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Blowin' in the Wind: An American View

by Deborah Streeter

Blowin' in the Wind celebrates and critiques America; our culture, politics, people, history, religions and landscape. We also link to our friend Ed Kilgore's daily blog 
Political Animal, for an insider's look at our political process. Both of us try to keep it brave and free, like our nation, with some humor and progressive hope thrown in.



Two Yosemite Artists: Chiura Obata and Ansel Adams

My trip to Yosemite approaches, so I continue this series of columns on this iconic American national park and wilderness region and its place in our history and culture.

Today, a bit about two of the many artists who have been inspired by the place.

Basically, I just encourage you to go to Google images for both these guys and soak in their amazing images.

I’ve admired their work for years, and when I moved to the Monterey area I learned that they both had lived and done ocean photos and paintings at nearby Point Lobos.  But I never figured out until now that they were friends.   Here are some stories about them and Yosemite.

Ansel AdamsChiura ObataAlmost contemporaries, photographer Ansel Adams (1902-1984) and woodblock/painter Chiura Obata (1885-1975) were born in different countries (US, Japan), and worked in different mediums.   But for both of them, their first trips to Yosemite changed their lives and art, and they went back many times into old age.

Chiura Obata was a promising young artist from Japan in 1903 when he landed in California on a planned world study trip; he never left.  His early prints of the 1906 San Francisco earthquake showed the unreported devastation in the Asian American neighborhoods.  By 1927 he was the first faculty member in Japanese painting in the UC Berkeley Art Department.  A faculty colleague invited him to spend the summer painting and fishing in Yosemite.  He was moved and inspired, and came home with over 100 works.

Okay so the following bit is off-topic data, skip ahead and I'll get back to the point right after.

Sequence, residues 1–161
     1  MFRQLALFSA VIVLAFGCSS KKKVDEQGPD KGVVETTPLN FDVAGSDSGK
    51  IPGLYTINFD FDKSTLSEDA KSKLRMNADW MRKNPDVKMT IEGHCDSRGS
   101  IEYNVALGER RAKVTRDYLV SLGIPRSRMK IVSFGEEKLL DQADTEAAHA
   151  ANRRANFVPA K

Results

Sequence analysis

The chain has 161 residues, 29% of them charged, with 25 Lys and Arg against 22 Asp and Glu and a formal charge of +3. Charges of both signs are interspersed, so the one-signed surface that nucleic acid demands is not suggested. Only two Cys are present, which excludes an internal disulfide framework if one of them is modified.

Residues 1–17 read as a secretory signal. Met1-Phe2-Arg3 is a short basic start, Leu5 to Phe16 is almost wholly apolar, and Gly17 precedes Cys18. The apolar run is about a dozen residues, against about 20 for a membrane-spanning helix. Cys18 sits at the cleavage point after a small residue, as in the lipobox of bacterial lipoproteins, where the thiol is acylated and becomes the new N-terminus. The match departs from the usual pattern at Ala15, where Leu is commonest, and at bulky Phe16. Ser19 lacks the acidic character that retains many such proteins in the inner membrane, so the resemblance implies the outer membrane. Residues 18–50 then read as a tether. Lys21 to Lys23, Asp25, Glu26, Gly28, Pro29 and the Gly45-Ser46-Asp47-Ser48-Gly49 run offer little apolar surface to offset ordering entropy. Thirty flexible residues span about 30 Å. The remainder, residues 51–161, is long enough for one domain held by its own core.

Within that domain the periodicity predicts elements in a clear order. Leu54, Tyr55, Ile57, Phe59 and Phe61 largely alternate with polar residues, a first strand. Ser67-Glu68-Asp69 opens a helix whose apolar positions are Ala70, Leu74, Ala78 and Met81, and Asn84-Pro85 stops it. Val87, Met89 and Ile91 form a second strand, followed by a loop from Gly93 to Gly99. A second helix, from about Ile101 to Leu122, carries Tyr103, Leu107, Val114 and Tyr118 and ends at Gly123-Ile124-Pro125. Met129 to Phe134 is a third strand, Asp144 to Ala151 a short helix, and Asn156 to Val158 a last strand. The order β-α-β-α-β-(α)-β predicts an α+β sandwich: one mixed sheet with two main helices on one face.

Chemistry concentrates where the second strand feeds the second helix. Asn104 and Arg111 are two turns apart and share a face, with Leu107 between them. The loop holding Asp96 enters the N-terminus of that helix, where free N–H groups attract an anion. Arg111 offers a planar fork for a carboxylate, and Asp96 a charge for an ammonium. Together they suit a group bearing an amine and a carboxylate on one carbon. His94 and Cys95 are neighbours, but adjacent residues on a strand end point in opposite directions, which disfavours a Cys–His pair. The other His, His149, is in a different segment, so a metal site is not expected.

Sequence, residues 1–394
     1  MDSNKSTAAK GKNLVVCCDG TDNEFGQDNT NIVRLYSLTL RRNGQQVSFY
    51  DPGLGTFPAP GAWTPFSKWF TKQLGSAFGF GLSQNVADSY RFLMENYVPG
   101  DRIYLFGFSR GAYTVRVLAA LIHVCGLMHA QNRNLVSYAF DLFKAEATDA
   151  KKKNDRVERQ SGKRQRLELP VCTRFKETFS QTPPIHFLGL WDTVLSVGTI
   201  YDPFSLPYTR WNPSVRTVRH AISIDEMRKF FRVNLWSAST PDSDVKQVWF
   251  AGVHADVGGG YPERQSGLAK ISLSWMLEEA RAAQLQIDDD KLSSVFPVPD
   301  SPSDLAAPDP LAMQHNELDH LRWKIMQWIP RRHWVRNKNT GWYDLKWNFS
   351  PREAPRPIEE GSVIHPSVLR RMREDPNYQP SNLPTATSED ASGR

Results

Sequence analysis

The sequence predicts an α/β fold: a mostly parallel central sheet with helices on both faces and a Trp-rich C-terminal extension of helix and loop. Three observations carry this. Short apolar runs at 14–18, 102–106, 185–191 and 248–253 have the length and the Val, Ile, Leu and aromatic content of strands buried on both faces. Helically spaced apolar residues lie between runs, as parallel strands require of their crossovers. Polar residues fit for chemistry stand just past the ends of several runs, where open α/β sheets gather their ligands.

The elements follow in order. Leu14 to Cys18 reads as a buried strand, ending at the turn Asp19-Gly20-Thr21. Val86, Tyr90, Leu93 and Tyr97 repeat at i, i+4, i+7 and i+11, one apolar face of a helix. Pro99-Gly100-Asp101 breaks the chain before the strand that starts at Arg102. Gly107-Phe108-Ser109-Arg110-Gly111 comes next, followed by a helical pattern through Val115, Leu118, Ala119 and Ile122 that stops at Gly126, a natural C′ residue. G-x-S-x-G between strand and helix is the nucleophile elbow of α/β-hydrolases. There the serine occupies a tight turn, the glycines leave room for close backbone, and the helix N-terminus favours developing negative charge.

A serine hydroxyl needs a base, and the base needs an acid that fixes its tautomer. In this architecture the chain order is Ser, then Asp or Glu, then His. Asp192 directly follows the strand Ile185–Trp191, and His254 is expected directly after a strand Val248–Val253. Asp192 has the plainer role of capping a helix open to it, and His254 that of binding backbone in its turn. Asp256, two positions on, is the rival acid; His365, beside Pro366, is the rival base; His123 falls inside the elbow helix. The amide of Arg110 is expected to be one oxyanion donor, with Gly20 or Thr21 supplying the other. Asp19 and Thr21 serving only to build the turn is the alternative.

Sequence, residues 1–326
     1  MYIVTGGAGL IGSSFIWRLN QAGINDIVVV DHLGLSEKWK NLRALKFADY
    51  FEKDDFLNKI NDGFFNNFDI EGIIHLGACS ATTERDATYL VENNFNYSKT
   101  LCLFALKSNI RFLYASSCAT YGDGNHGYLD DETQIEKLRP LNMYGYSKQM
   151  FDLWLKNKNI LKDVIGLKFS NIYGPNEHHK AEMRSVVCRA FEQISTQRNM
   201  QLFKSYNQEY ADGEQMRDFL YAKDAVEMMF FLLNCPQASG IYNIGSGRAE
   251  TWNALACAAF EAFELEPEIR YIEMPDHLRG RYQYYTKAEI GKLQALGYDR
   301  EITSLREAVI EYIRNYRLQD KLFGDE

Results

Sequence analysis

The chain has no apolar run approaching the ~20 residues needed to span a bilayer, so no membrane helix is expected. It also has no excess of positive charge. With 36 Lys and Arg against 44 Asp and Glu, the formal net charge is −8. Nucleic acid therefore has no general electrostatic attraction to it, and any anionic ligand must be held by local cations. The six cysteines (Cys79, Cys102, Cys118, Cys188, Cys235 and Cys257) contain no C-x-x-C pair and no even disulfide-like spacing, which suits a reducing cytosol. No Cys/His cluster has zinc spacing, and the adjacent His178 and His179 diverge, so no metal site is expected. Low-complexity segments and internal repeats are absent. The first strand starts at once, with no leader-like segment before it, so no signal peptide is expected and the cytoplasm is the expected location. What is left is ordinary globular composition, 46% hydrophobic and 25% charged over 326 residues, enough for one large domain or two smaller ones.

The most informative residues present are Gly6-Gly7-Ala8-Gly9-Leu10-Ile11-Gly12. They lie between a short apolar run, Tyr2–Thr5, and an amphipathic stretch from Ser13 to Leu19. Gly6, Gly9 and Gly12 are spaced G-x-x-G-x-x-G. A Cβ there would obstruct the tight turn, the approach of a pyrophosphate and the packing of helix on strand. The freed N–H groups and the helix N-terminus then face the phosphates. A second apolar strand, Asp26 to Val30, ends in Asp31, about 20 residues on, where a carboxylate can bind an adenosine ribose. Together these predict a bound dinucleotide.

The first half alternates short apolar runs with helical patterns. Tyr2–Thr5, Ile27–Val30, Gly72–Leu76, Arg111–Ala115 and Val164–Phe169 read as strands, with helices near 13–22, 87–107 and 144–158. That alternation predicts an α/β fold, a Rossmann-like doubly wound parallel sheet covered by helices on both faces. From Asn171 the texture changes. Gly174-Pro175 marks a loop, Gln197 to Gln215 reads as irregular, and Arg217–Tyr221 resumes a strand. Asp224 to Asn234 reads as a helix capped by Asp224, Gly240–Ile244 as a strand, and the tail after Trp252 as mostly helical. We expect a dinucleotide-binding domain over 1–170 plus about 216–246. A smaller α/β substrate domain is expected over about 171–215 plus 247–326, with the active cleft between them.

Half Dome, Yosemite, Ansel AdamsAnsel Adams grew up in San Francisco.  At age four he saw his house collapse in the SF earthquake and an aftershock broke his nose. A promising classical pianist and amateur photographer, he spent his college summers as caretaker at the Sierra Club headquarters in Yosemite Valley (1918-22) and hiked the high country.  Over the next 40 years he returned to Yosemite often, as his international stature grew.  Like John Muir, Adams felt the call of the wilderness when urban life and fame overwhelmed him.  Carrying his 40 pound camera on his back he hiked off trail, up cliffs, and to high mountain lakes, taking memorable photos of the Sierras.  Like Muir, he influenced a President Roosevelt, this time Franklin, to set aside wilderness, in this case, the roadless Kings Canyon..

Obata married a prominent Ikebana artist and the two of them founded the East-West Art Society to promote understanding and cooperation between American and Asian artists.  He continued to teach at Berkeley, saying “I always teach my students beauty.  No one should pass through four years of college without being given the knowledge of beauty and eyes with which to see it.”  The day after Pearl Harbor, shots were fired into the Obata’s studio and gallery on Telegraph Avenue.  He and his family were taken with 40,000 other Japanese Americans to internment camps in Utah.  Obata started an art school in the camps and taught hundreds of kids and adults.  Berkeley President Gordon Sproul saved and stored most of his art.  He returned to the faculty after the war.

Adams was too old to serve in WWII but volunteered to use his camera for the war effort.  The State Department ordered him to make inspiring pictures of nature scenes to improve troop morale.  He did the assignment, but then asked to take pictures of the Japanese interment camps.  He put together an exhibit at the Museum of Modern Art in 1944 called “Born Free and Equal.”  Some called him a traitor.